China’s “one child” policy was draconian and unnecessary. All you have to do is educate women and give them control over their fertility, and they take care of the rest. Fertility has fallen to approximately 2 or less in every country that has done this. In countries where children are prohibitively expensive and economic prospects are poor the fertility rate falls even lower.

        1. RosieRiveter

          Birth rates fall naturally– or come into balance– when people’s lives come into balance. When we have meaningful employment, adequate wages, education that fosters critical thinking, including media literacy in these modern times, secure housing, clean air and water, and when we don’t feel attacked at every turn by a stacked deck in which the WS banksters hold all the cards. No threats of war, no need to flee one’s homeland, no instigations against one’s religion, just freedom to be our peace loving spiritual selves.

          Notions that are fundamentally inconsistent with capitalism, or at least, our current version thereof.

        2. economicminor

          Easy to say but when the Chinese government put in that policy people were starving. At least they understood math. Exponential growth on a finite planet is not possible. So exponential growth policies are not just stupid but insane. Only one of the fatal flaws of unregulated corporatocracy.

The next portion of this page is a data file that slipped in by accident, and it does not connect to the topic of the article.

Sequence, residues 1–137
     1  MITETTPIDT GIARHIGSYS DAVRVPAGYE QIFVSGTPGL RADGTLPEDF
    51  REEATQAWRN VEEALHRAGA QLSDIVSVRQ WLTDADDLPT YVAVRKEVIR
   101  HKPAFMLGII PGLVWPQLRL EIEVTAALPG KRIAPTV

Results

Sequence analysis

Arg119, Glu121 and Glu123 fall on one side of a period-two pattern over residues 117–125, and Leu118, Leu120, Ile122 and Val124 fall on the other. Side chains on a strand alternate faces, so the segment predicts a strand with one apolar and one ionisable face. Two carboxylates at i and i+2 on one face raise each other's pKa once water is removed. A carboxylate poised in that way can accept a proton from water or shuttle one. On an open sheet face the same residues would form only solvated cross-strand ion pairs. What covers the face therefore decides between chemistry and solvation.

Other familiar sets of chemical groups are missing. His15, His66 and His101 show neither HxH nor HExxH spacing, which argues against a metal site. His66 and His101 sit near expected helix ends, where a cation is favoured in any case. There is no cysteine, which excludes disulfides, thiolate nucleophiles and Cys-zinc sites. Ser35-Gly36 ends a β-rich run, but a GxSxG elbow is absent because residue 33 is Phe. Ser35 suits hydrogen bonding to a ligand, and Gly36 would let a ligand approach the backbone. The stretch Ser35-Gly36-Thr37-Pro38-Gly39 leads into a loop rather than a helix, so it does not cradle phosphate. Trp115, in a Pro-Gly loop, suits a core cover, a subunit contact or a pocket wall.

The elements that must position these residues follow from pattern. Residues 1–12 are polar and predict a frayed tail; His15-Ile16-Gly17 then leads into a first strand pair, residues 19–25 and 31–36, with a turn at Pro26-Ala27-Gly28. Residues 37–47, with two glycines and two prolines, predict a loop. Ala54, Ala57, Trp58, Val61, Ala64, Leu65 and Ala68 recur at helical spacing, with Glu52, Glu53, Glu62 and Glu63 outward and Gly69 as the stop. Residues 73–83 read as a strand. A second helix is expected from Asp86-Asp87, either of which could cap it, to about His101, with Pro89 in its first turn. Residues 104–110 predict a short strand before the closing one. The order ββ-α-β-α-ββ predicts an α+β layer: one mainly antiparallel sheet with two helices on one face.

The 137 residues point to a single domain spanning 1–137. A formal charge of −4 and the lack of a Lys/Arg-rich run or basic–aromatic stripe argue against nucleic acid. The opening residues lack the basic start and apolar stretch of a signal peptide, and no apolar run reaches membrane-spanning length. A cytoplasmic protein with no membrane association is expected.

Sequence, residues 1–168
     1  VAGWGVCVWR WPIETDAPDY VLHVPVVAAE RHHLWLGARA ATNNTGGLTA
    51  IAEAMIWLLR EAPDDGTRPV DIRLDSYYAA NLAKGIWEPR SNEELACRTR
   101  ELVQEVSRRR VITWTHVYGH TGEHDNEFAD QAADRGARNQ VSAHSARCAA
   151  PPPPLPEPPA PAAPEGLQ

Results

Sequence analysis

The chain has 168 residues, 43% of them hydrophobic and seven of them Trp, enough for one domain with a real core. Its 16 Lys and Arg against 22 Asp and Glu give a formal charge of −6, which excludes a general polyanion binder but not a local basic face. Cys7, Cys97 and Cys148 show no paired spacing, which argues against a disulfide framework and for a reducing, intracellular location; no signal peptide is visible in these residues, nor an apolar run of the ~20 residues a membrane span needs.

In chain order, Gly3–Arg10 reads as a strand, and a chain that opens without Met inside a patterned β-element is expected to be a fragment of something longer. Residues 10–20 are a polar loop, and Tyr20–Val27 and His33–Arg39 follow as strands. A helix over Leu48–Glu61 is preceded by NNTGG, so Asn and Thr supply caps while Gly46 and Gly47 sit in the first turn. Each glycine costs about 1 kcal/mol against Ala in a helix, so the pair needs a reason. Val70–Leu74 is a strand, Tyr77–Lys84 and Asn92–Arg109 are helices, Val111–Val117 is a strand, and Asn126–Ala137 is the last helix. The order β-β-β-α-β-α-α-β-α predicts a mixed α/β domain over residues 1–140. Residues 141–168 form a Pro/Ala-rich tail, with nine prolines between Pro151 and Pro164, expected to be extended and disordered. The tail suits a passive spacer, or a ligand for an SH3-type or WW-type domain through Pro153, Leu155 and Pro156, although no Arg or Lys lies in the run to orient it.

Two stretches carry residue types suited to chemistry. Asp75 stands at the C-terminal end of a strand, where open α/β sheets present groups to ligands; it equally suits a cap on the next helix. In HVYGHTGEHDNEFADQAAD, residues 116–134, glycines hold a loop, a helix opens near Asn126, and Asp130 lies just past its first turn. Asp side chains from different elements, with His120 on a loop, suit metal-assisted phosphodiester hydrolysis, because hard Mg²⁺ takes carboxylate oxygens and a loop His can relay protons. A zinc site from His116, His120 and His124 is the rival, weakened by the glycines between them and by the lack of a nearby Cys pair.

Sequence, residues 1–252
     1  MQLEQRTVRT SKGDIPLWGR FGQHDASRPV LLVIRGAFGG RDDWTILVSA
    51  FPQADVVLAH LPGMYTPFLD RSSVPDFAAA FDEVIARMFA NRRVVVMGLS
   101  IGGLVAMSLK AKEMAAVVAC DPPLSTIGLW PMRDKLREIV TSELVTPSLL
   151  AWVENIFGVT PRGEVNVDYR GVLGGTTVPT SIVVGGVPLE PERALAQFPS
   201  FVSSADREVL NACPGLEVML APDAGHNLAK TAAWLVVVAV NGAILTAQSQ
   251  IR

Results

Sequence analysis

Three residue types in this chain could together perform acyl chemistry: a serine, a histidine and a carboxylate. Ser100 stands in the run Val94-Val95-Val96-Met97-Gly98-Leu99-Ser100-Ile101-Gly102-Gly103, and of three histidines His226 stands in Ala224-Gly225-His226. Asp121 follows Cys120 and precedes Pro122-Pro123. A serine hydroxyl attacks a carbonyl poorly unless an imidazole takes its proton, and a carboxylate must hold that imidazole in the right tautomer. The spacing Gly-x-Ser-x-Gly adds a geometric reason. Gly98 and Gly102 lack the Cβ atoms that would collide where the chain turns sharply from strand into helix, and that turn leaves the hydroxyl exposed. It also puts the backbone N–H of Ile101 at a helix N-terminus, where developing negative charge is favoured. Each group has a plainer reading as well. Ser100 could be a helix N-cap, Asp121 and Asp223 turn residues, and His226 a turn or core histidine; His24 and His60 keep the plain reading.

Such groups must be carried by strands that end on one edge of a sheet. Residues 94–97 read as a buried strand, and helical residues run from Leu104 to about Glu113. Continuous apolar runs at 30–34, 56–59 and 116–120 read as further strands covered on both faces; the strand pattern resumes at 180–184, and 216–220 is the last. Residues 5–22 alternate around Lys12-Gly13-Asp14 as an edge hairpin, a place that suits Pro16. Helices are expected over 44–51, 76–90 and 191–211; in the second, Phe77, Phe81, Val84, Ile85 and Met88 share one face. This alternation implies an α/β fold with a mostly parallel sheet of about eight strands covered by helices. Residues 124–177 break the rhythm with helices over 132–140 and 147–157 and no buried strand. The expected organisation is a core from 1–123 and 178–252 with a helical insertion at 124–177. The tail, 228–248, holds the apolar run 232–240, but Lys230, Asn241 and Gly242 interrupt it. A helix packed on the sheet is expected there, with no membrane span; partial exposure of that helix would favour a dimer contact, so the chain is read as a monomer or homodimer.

2. Hoyeru

        surely you’re forgetting one thing: numbers. The sheer numbers of humanity. We were mere 3 billion in the 1960s and now we’re 7.5 billion. SO when you talk about the past, you have to take under consideration the numbers of people and the “jobs” available back then vs the people available. the modern concept of a “job” began with the Industrial Revolution. No wonder the world had to go through 2 “world wars” to reduce the population in the 20th century Think hats a coincidence? . So yes the upcoming robotic revolution will hit the humanity really hard. There will be literally billions of people who will \be without a “job”, without an income, and no food to eat.

    2. Romancing The Loan

      To expand on this a little, most of the reasons robots are cheaper than labor is due to our country’s tax structure (a robot is valued by the company as a depreciating asset on their bottom line, a worker only shows up as an expense) just as most of the reasons manufacturing is “gone” are due to deliberate changes in trade policy.

      People like the author do yeoman’s work for some very evil people in persistently (and cleverly and subtly, whether by accident or design) depicting policy choices as equivalent to immutable natural laws.